Reminds me of the story where a woman has a discussion with some guy at a conference. He mansplains to her that her theory is wrong, and she should really read a recent publication on the subject by X, who is considered a top authority in the field. She then tells the guy to take a look at her badge, because she's X.


I_eat_staplers t1_je1zuhx wrote

> very warm and dense, [...] NaCl in the gas phase

  • Sodium chloride/Boiling point: 2,669°F (1,465°C)

What kind of scale are you used to that this qualifies as "warm"?!

Fantastic discovery and response! This is incredibly interesting and certainly opens up a lot more questions.


adamginsburg t1_je20qy1 wrote

That's the boiling point at atmospheric pressure. The NaCl we observed is likely not that hot - probably only ~100K but maybe 1000K (fig 6 of shows that there's some ambiguity - we measure two temperatures and are not sure how to reconcile them!). We observe NaCl in an effective vacuum, so the boiling point (more likely sublimation point) is much lower. That said, it's possible that non-thermal mechanisms are responsible for releasing the NaCl into the gas phase - in other words, the gas isn't at the boiling point, but something knocked the NaCl molecules off the dust grains. Another possibility is that individual dust grains got very hot briefly, hot enough to vaporize, but again the gas isn't all that hot. We don't know for sure; we haven't yet come up with a consistent model to explain all the observations.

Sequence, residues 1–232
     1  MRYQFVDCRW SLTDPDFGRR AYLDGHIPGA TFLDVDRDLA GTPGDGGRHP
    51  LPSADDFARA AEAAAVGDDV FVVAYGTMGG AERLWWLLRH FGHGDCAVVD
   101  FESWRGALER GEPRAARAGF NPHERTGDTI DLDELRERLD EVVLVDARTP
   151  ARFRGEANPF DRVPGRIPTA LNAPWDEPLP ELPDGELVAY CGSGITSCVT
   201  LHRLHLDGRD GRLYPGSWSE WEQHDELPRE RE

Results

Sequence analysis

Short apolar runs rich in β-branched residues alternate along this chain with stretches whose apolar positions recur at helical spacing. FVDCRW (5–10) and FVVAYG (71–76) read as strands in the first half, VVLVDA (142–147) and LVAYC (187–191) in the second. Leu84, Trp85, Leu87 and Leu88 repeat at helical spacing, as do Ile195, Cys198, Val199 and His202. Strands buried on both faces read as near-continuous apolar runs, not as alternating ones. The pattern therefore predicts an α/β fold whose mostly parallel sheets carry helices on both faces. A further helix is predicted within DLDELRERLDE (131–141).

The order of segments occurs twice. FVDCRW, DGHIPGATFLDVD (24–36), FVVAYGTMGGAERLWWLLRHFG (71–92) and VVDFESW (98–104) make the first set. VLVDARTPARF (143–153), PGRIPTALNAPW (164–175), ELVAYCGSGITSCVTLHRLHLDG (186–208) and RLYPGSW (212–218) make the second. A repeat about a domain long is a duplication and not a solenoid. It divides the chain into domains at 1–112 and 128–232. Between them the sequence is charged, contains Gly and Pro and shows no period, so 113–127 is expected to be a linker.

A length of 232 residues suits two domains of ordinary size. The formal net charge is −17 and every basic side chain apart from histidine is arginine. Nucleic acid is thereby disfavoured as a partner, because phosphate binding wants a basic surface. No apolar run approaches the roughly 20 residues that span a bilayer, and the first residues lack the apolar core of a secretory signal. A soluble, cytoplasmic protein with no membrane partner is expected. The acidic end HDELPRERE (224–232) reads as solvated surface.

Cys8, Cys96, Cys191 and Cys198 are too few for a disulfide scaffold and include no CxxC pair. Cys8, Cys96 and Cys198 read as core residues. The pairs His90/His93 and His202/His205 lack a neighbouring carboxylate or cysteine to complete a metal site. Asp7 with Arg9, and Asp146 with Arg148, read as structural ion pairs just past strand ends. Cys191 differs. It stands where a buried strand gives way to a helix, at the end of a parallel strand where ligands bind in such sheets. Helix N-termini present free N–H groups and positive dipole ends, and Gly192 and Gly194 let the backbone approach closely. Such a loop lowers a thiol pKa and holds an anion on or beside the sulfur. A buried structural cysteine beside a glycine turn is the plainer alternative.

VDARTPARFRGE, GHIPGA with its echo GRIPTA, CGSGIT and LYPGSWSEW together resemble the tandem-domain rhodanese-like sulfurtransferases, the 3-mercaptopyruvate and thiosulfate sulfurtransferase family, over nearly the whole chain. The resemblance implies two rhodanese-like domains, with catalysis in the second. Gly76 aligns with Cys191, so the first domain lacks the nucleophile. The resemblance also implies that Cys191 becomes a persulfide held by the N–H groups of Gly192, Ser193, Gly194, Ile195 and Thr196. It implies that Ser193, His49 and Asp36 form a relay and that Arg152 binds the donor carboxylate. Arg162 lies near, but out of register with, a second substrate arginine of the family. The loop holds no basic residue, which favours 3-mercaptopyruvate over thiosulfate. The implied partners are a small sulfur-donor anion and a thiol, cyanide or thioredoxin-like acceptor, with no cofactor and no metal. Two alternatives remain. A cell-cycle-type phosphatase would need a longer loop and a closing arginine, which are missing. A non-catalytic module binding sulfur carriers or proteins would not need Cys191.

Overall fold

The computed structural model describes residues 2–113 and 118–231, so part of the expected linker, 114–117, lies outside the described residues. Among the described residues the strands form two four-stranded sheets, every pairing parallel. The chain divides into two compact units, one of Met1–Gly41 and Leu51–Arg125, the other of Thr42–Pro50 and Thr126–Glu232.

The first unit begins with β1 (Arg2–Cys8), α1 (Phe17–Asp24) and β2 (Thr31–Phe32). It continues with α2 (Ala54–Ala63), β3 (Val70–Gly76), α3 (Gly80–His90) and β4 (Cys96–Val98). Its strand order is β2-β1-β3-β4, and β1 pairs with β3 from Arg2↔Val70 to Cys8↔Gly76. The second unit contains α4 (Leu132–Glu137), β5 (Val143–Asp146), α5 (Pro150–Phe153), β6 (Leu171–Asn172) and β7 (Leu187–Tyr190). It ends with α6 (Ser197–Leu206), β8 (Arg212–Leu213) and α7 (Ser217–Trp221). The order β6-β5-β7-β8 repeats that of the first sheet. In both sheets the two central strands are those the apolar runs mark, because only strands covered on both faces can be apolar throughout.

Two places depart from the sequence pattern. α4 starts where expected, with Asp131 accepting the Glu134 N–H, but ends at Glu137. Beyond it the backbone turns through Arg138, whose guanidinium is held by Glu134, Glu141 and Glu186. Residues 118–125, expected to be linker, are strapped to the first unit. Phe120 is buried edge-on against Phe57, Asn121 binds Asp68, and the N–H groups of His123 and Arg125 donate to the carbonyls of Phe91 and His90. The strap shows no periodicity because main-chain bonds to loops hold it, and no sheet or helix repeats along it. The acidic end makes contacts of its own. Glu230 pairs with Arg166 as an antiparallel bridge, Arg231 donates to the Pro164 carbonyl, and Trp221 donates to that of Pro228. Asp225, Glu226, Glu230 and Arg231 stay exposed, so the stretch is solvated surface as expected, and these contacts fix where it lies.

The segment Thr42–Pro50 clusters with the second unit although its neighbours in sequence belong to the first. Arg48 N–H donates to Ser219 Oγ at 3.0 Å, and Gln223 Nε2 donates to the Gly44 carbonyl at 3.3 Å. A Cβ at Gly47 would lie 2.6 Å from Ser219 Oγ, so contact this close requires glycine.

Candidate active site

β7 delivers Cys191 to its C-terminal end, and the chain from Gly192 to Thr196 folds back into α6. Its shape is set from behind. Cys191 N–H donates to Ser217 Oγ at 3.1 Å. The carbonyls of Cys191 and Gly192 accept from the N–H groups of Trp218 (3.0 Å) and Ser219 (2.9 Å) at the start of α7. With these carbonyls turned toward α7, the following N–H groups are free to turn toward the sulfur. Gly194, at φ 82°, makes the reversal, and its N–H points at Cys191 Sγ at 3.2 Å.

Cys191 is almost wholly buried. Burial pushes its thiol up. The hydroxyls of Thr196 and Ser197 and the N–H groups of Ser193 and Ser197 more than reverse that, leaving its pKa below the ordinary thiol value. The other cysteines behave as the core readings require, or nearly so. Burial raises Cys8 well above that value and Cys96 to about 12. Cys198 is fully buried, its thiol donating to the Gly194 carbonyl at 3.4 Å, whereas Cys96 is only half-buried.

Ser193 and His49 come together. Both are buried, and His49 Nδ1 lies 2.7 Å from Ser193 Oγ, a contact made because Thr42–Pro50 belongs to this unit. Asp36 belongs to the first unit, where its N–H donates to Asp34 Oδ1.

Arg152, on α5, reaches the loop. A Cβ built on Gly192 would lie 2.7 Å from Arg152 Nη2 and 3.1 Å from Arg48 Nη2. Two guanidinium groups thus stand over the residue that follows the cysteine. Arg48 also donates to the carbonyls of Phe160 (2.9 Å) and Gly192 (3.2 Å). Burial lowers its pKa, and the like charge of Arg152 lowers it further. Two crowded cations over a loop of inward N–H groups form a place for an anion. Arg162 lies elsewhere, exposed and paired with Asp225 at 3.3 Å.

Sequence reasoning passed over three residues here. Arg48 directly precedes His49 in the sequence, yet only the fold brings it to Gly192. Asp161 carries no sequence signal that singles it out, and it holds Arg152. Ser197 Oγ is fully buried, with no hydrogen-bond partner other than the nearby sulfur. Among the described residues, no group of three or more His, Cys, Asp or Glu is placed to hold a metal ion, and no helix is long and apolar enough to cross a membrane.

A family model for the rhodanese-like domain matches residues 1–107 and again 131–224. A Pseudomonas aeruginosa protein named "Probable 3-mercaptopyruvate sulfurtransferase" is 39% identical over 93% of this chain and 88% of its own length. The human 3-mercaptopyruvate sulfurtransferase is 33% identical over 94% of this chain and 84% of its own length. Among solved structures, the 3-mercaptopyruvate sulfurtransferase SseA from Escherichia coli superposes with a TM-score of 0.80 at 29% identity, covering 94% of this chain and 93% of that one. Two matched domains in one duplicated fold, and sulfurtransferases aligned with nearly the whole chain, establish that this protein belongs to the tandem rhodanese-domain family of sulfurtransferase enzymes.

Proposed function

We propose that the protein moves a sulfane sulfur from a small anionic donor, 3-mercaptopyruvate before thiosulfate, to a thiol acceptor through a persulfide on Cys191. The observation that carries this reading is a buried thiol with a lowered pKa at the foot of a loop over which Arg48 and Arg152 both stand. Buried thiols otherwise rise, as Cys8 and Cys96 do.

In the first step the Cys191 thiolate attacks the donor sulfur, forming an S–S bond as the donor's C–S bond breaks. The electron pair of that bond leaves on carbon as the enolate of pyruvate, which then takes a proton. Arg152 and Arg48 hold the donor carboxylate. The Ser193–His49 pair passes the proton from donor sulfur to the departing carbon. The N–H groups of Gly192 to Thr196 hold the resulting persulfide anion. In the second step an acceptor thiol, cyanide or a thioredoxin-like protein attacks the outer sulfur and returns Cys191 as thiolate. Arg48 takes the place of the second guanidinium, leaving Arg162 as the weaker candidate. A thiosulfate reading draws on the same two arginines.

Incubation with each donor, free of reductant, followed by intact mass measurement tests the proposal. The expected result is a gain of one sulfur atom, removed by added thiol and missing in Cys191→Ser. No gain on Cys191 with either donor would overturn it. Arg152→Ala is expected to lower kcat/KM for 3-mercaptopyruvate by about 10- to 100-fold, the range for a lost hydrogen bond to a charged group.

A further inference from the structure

Just to give you a sense of boiling points: water transitions to gas at 373 K at atmospheric pressure. In the interstellar medium, it sublimates at closer to 100-150K.